ISG judged that between 1991 and 1996 Iraq possessed an expanding BW agent production capability. From 1996 to OIF, Iraq still possessed small but significant dual-use facilities capable of conversion to small-scale BW agent production. ISG found no evidence that Iraq used this capability for BW production. Iraq maintained-and tried to improve where possible-a smaller, but capable, "legitimate" fermentation capability at agricultural and educational sites that could have been used to produce small but significant quantities of BW agent. After the destruction of Al Hakam, most, but not all, dual-use equipment was destroyed. At the Al Dawrah FMDV Plant, one 2,600-liter, two 3,500-liter, and one 236-liter fermentor as well as one 2,550-liter mobile tank were not destroyed under UN supervision in June 1996. ISG obtained a document that indicated 10 one cubic meter tanks were connected prior to 2000 to form a 10 cubic meter fermentation plant (location unknown). Another document indicates the delivery of an additional 13-14 such tanks in 1993.
Although no active BW program existed at Iraq's biological plants, ISG judged that a break-out production capability existed at one site, the State Company for Drug Industries and Medical Appliances, SDI, at Samarra. Since Iraq could relocate production assets such as fermentors, other sites with basic utilities could also be converted for break-out. A full program to include R&D and production or even just large scale production would require months rather than weeks to re-initiate in a break-out context. ISG assesses the SDI to have the fixed assets that could be converted for BW agent production within four to five weeks after the decision to do so, including utilities, personnel with know-how, and the equipment (with slight modifications) required. Media and additional less-skilled personnel could be obtained. ISG also judged the movable assets at the Al Dawrah FMDV Plant could provide the core of an alternative break-out capability at any other suitable site in Iraq, perhaps within 2 to 3 weeks after the decision to do so. If such a break-out were to take place, ISG judged that Bacillus anthracis (anthrax) would be the germ of choice, since antrax was the only BW in Iraq's historical arsenal.
ISG determined that the following elements of Iraq's pre-1991 BW program were not pursued after the Gulf War.
- Bacillus anthracis ('Agent B' or anthrax) - a simulant, Bt, was researched under civilian auspices.
- Clostridium botulinum (Botulinum toxin, 'Agent A')
- Clostridium perfringens ('Agent G')
- Viral Program (smallpox details below)
Prewar Intelligence had assessed that there was an "even chance" that Iraq's BW program contained smallpox. Reports at the time indicated that Iraq had kept cultures during an outbreak in the 1970s and subsequently used those cultures for a BW agent. ISG concluded that Iraq had a pre-1991 intent to develop smallpox as a strategic viral BW agent and had the basic capability to work with variola major (smallpox). However, ISG collected no direct evidence that Iraq either retained or acquired smallpox virus isolates or proceeded with any follow up smallpox related research. ISG assesses, however, that Iraq did have the capability to conduct research into smallpox, if not in a manner up to Western BL-4 containment standards. Iraq possessed facilities such as the Al Dawrah Foot and Mouth Disease Vaccine Plant and Al Razi Center had equipment that could potentially be used to work on high-risk agents such as smallpox. Iraq's work with and interest in Camel Pox, a virus similar to smallpox, led ISG to assess that camel pox R&D was a surrogate for smallpox research, analogous to the use of nonpathogenic Bacillus species and Bacillus anthracis. Although Dr. Hazim 'Ali's justifications for BW use indicated reactions against humans, ISG judged his explanation to be inconsistent with current and historical published scientific and medical knowledge.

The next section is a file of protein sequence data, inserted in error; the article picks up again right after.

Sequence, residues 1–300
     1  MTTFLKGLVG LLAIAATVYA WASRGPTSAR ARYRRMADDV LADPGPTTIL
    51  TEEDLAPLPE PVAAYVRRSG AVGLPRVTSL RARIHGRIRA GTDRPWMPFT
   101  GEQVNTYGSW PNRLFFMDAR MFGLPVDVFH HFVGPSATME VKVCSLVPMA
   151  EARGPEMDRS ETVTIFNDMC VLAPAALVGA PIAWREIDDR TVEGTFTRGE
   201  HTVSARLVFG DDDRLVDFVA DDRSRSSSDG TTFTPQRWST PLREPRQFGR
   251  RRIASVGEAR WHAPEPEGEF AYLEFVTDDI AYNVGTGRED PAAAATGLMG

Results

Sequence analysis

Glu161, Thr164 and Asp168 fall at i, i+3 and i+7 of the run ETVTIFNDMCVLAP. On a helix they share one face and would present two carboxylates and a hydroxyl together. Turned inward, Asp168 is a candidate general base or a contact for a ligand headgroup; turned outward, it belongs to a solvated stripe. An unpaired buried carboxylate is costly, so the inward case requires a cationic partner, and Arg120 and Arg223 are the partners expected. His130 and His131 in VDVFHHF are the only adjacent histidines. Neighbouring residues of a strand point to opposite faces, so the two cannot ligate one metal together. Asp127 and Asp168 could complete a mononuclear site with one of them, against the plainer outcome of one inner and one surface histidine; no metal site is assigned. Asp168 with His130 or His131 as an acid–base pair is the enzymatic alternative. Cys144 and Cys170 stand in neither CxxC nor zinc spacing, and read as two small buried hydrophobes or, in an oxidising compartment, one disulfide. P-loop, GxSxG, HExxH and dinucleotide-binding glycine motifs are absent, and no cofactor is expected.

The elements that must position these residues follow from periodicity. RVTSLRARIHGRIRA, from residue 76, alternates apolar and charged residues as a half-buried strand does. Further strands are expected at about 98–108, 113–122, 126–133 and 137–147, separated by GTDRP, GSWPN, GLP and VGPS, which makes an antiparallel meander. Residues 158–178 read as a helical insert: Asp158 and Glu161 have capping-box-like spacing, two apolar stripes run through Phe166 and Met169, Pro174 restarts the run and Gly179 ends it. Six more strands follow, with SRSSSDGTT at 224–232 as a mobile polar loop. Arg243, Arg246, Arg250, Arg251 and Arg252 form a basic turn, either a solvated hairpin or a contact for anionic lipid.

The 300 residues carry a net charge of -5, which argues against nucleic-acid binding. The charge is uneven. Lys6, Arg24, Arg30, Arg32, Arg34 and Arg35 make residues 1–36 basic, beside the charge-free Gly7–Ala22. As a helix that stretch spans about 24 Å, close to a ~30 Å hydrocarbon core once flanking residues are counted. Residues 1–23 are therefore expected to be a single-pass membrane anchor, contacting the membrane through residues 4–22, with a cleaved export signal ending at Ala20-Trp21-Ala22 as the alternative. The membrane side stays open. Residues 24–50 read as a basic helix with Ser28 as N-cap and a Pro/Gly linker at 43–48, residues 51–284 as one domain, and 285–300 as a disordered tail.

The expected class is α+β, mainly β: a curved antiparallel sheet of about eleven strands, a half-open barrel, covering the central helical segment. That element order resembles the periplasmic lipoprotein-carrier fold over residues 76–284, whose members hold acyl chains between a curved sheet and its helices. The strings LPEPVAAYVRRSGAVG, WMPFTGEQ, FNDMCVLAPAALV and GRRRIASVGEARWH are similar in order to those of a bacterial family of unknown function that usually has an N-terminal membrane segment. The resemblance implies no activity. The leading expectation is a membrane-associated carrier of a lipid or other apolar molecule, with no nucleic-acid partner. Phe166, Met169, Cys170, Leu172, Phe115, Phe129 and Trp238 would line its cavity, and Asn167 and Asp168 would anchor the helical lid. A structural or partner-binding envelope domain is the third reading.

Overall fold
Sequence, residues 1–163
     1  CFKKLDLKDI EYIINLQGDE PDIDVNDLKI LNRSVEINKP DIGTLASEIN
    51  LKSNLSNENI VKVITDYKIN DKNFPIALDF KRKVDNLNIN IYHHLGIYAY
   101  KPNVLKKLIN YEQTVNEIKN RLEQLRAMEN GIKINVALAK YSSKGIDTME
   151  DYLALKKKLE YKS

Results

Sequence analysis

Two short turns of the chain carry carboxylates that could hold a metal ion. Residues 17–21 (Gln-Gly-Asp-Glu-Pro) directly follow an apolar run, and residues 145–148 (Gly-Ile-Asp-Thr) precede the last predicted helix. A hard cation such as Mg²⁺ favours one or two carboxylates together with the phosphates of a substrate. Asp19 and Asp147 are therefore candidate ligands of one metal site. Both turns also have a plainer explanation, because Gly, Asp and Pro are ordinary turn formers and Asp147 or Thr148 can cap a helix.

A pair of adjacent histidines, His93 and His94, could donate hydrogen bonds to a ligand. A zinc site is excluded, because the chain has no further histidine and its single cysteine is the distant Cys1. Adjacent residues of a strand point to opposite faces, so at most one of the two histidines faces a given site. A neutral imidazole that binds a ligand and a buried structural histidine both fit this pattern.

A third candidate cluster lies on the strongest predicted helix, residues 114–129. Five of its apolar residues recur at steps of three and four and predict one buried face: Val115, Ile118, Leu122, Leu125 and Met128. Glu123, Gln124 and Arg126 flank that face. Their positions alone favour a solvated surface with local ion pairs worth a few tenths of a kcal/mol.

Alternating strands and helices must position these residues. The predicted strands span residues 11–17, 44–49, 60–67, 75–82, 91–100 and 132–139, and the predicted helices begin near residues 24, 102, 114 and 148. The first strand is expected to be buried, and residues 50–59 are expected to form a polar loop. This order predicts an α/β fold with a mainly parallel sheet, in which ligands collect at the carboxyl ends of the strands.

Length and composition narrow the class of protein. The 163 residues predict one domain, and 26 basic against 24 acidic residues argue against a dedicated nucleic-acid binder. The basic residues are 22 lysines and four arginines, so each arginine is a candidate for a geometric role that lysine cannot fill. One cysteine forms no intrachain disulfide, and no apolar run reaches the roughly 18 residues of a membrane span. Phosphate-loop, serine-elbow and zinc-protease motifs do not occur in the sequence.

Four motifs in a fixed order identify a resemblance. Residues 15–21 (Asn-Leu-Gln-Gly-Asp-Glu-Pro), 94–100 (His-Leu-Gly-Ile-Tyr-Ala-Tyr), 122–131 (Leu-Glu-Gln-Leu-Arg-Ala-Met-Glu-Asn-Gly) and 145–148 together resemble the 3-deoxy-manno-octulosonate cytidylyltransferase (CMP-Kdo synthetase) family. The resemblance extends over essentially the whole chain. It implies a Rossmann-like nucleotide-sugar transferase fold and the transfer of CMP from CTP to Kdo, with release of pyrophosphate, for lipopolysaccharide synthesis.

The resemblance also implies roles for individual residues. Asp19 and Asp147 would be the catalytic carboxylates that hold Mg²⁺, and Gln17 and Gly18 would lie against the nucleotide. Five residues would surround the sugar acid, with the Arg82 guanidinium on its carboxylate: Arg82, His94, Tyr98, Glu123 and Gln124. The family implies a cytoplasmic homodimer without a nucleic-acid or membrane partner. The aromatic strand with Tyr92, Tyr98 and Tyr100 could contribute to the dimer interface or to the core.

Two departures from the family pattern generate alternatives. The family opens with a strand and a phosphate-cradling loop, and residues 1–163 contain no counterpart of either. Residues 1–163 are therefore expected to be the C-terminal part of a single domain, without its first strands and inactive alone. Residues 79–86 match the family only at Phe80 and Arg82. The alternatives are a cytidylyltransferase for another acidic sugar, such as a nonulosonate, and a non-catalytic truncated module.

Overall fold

Aflatoxin ('Agent C') and ricin were the two Biological agents ISG could not rule out for post-1991 research. Sources formerly involved with BW efforts indicate that Iraq at least continued research on aflatoxin throughout the 1990s. In 1994, a DGS forensics laboratory produced 150 ml of aflatoxin for testing on humans, according to a mid-level scientist who formerly worked in the BW program and visited the site. Ricin, as mentioned above, was indicated as part of the post-1991 BW effort by the IIS. In addition to IIS, ISG investigated the Al Tariq Facility - also known as Fallujah II - for alleged ricin production, owing to its production of castor oil. Castor beans, in addition to producing the oil used in Iraqi industrial activities, contain, in the bean mash, the toxin ricin. ISG did not find, however, evidence that the plant was intended for any purpose other than oil production.
ISG found no evidence that Iraq possessed, or was developing BW agent production systems mounted on road vehicles or railway wagons. It was also, however, unable to disprove the existence of such systems. Prior to OIF there was information indicating Iraq had planned and built a breakout BW capability, in the form of a set of mobile production units, capable of producing BW agent at short notice in sufficient quantities to weaponize. Although ISG has conducted a thorough investigation of every aspect of this information, it has not found any equipment suitable for such a program, nor has ISG positively identified any sites. No documents have been uncovered. Interviews with individuals suspected of involvement have all proved negative. To find out more about this topic, follow this link to Mobile BW Production Facilities.
Since the Gulf War, ISG judged that Iraq made no serious attempts to weaponize or disperse BW agents. Prewar intelligence assessed that the L-29 RPV program was intended for BW dissemination, as were other small UAV programs detected by U.S. intelligence. Although ISG assessed it likely that the L-29 was destined for CBW use, neither the Al-Musayara nor the Al Quds UAV programs were for CBW use.
ISG made progress understanding most of the unresolved issues, but a few vital areas remain outstanding. With the degradation of the Iraqi infrastructure and dispersal of personnel, it is increasingly unlikely that these questions will be resolved. Of those that remain, the following are of particular concern, as they relate to the possibility of a retained BW capability or the ability to initiate a new one.
- ISG could determine the fate of Iraq's stocks of bulk BW agents remaining after Desert Storm and subsequent unilateral destruction. There was a very limited chance that continuing investigation might provide evidence to resolve this issue.
- The fate of the missing bulk agent storage tanks.
- The fate of a portion of Iraq's BW agent seed-stocks.
- The nature, purpose and who was involved in the secret biological work in the small IIS laboratories discovered by ISG.